One of my team asked me in our 1:1 who inspired me as a child and who inspires me now. Right now I would have to say it’s those people who seem to be able to regularly deliver great things, still have time for a family, and that are able to ‘work out loud’. Troy Hunt. Manton Reece. If I could get to be even halfway as productive and impactful as them I would be doing okay. I don’t think I had any ‘inspirations’ as such when I was little, but I definitely had people in my life that meant a lot to me. On Saturday night at our annual running club social I got chatting to one of the other parents who is a primary school teacher. Over the years I’ve thought a lot about a teacher I had at my school in Feltham before we moved away from the area when I was nine. She was friendly, kind and really pushed me to do more with the BBC Micro we had in our classroom, setting me on a path with technology which has shaped the rest of my life. I’ve tried to trace her to say thank you but unfortunately she had a very common name — Miss Brown — and the school have no record of her working there. I took the picture below of her and my classmates on my last day at the school in 1986 (on my recent Christmas present of a Halina 110 ‘flashmatic’ camera), while my dad waited behind me ready to drive us off to a new life in a new town.

I had some interesting conversations with a colleague on the topic of people annoying you. I talked about the ‘Buddhist’2 approach to thinking about this in terms of actually what’s going on is (a) someone had done something and (b) you’ve chosen to get annoyed. I think this helps — it’s certainly helped me in the past — but it isn’t always that straighforward and I know I need to practice this more, particularly at home. We also spoke about the Feedback Model from the amazing Manager Tools podcast; their write-up of the process is well worth a (re)read. Things would be so much better with more feedback, every day.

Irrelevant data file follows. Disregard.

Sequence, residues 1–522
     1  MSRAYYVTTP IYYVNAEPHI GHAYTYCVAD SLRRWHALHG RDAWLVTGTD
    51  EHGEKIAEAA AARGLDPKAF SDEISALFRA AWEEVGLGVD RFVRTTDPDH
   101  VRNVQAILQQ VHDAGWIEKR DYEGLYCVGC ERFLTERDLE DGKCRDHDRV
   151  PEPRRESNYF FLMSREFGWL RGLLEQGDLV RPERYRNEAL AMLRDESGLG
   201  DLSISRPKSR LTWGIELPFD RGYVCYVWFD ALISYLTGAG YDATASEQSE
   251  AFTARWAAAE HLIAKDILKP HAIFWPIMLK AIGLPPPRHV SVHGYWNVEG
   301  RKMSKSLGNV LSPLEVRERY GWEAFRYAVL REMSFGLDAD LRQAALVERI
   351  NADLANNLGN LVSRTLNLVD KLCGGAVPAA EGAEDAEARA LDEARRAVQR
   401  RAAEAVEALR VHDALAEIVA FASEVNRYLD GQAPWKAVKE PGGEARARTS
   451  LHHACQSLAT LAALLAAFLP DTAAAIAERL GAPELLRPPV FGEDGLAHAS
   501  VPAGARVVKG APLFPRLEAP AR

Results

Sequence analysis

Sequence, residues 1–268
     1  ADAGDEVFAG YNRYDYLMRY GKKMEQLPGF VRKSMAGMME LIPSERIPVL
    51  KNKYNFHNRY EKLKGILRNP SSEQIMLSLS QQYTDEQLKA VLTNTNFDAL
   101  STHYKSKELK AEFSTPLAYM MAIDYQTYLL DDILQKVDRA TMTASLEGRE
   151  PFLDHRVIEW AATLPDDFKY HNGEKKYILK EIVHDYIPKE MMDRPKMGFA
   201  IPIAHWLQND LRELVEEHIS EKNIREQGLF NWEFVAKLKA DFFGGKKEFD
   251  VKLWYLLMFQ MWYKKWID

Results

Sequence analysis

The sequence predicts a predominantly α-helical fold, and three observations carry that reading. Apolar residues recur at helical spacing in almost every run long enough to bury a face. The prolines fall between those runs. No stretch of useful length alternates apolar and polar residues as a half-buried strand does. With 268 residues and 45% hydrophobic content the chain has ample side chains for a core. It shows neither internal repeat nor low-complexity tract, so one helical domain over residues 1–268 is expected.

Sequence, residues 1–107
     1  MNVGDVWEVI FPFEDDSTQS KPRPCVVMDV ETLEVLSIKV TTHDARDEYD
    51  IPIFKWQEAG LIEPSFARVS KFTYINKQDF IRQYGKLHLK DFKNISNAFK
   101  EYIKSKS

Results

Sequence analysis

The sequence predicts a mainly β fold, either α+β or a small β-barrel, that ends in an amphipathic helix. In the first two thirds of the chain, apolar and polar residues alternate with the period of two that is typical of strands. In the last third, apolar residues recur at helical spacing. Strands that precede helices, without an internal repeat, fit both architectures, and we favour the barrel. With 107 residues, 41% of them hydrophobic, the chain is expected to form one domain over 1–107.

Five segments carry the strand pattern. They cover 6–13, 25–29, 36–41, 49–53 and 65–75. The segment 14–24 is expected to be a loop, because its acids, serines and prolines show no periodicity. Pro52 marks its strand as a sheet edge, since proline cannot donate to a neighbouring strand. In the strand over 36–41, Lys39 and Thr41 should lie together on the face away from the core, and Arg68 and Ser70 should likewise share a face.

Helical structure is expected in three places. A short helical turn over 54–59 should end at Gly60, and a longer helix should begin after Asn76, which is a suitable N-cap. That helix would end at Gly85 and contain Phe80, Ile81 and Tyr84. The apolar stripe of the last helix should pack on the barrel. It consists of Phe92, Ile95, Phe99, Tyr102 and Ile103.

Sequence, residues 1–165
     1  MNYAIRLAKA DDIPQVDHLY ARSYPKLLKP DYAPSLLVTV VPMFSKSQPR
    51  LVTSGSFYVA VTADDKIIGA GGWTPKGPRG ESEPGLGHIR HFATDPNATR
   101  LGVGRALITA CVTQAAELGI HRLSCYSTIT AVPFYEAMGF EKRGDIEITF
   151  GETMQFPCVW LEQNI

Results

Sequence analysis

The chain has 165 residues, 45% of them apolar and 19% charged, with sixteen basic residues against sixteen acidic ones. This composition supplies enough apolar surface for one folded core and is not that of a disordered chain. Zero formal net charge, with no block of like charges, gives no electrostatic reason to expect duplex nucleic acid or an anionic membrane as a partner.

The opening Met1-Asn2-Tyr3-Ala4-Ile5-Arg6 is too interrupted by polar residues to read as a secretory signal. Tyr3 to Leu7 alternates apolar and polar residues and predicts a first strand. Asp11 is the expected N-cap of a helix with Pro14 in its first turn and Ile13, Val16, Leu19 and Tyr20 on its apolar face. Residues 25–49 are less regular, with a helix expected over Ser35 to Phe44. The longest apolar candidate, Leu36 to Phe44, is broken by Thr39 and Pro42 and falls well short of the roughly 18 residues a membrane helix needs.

At home it was strange to have our eldest boy away for a whole week on a residential trip, by far the longest time he’s been away from us. Parenting one is so much easier than parenting two as there are far less arguments, but I’m sure I speak for both my wife and I in saying that we wouldn’t change anything. They are great kids and we are so lucky to have them. Our lounge only took a couple of days to decorate so I managed to get the TV and Xbox wired back up so that the youngest one could get some solo gaming in while his brother was away. It looks great. We also took the opportunity to purge a shedload of books, DVDs and CDs that we were never going to consume again. People of Berkhamsted, your charity shops runneth over with our old media.

School governing saw us come to the end of a long line of meetings which will hopefully result in something very special and worthwhile at the end of it. I have my fingers crossed for the next few weeks.

Next week: Johannesburg, for the first time in nearly a year, to kick off one of the critical streams of our programme. Looking forward to being back with the team.

(I’m writing this on the plane and was hoping to post from here, but it seems that the in-flight Wi-Fi doesn’t want to play with my VPN…so publishing on Monday it is.)

  1. We were thinking that Office 365 Groups is the answer as you get a SharePoint site plus a lot of other tools, but it sounds as though there is a lot more structure and flexibility provided through provisioning a standard SharePoint site on its own. We’ll be digging into this a lot more in the coming weeks. 
  2. I’m not sure it’s actually Buddhist. 

Hertfordshire School Athletics Association Track and Field Championships 2018 — 600m silver. Great job!

Cracking team night out at Flight Club in Shoreditch. The cameras never missed a dart and the food and drinks were excellent. Completely won over the skeptics who raised an eyebrow when I asked if they fancied a game of darts!